Sri Lanka in a political vacuum as talks continue

STAYING PUT Protesters look around at the official residence of Sri Lankan President Gotabaya Rajapaksa a day after it was attacked in the capital Colombo on Sunday, July 10, 2022. AP PHOTO

STAYING PUT Protesters look around at the official residence of Sri Lankan President Gotabaya Rajapaksa a day after it was attacked in the capital Colombo on Sunday, July 10, 2022. AP PHOTO

COLOMBO: Sri Lanka was in a political vacuum for a second day on Monday, with opposition leaders yet to agree on who should replace its leaders who were almost denied, whose residences are occupied by protesters who anger at the country’s worst economic crisis since independence in 1948.

The protesters remained at President Gotabaya Rajapaksa’s beach residence and office, as well as at the official residence of Prime Minister Ranil Wickremesinghe, which they hijacked on Saturday. It was the biggest and most important day of protests in the past three months surrounding the administrative district in the capital Colombo.

They said they will stay there until the resignations become official.

Wickremesinghe said on Saturday that he would step down when there is a new government, and hours later, Mahinda Yapa Abeywardena, speaker of Sri Lanka’s parliament, said Rajapaksa would step down on Wednesday.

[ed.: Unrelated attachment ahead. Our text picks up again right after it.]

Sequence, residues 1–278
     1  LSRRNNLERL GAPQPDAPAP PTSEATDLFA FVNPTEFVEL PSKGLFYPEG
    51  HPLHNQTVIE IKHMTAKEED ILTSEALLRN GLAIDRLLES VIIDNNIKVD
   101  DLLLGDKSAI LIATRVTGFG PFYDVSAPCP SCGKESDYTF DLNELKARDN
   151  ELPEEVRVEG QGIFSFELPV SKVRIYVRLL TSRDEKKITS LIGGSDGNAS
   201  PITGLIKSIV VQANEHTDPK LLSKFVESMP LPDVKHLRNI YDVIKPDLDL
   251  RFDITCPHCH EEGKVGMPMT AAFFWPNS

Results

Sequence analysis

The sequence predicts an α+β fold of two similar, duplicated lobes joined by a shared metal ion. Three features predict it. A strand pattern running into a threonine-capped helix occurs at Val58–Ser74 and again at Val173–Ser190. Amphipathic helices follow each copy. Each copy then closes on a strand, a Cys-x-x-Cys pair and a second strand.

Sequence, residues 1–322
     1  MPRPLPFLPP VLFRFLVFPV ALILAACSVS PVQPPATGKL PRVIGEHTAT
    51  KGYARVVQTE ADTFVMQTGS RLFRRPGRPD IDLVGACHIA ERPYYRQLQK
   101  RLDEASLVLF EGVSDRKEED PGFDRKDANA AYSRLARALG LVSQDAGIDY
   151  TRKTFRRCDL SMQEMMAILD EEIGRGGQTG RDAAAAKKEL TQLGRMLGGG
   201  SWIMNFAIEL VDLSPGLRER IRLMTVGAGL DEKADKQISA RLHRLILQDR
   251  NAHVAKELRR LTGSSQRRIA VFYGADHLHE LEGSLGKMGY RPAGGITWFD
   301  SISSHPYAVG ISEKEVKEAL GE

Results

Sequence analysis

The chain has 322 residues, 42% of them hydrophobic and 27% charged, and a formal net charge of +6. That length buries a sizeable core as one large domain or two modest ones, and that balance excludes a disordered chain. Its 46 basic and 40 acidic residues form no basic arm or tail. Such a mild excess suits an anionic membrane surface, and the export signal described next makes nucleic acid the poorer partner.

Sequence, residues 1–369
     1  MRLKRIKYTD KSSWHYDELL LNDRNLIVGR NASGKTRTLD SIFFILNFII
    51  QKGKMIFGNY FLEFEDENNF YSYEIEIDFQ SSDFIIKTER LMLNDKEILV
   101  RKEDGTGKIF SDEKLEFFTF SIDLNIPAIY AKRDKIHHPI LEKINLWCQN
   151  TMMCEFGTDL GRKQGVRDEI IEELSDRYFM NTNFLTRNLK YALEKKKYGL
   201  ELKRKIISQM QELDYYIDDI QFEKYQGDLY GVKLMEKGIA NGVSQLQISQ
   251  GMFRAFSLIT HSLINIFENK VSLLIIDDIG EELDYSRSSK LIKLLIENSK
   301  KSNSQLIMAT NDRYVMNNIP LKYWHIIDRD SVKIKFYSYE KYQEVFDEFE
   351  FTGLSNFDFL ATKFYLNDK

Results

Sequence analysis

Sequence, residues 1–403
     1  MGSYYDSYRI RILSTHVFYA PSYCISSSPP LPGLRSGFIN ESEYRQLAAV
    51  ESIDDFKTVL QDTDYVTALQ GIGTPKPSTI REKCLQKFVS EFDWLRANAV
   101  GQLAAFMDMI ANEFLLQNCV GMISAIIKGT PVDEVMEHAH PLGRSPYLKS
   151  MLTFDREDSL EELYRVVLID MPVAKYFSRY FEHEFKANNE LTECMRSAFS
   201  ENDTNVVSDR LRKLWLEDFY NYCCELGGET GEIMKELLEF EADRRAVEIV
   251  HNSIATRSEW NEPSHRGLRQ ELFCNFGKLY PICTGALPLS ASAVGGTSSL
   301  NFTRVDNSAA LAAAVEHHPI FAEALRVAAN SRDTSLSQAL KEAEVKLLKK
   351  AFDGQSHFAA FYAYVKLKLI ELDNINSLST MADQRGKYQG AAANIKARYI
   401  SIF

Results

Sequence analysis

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The president’s whereabouts were still unknown Monday, though a statement from his office said Sunday that he had ordered the immediate distribution of a cooking gas consignment to the public, suggesting he was still at work.

Pressure on both men grew when the collapse of Sri Lanka’s economy resulted in a severe shortage of essential items, leaving people struggling to get food, fuel and other necessities.

Opposition party leaders are in discussions to form an alternative all-party government, an urgent need that the South Asian island nation needs to meet in the resumption of discussions with the International Monetary Fund for a bailout program.

Wickremesinghe said recently that negotiations with the Washington, DC -based multilateral lender are complicated because Sri Lanka is now a bankrupt state.

Lawmaker Udaya Gammanpila said the main opposition United People’s Front and lawmakers who defected from the Rajapaksa ruling coalition had discussions and agreed to work together. Leading opposition leaders Sajith Premadasa and Dullas Alahapperuma, former ministers under Rajapaksa, were nominated for president and prime minister, respectively, and they were asked to decide how to share positions before meeting with Abeywardena. later on Monday.

“We can’t be in an anarchical condition. We have to somehow reach a consensus today,” Gammanpila said.

Sri Lanka announced in April that it had suspended repayment of foreign loans due to lack of foreign currency. Its total overseas debt stands at $ 51 billion, of which it must repay $ 28 billion by the end of 2027.

Months of demonstrations have erupted in the Rajapaksa political dynasty, which has ruled Sri Lanka for nearly the past two decades, but has been accused by protesters of mismanagement and corruption. That dynasty included Rajapaksa’s older brother Mahinda, who resigned as premier in May due to the crisis.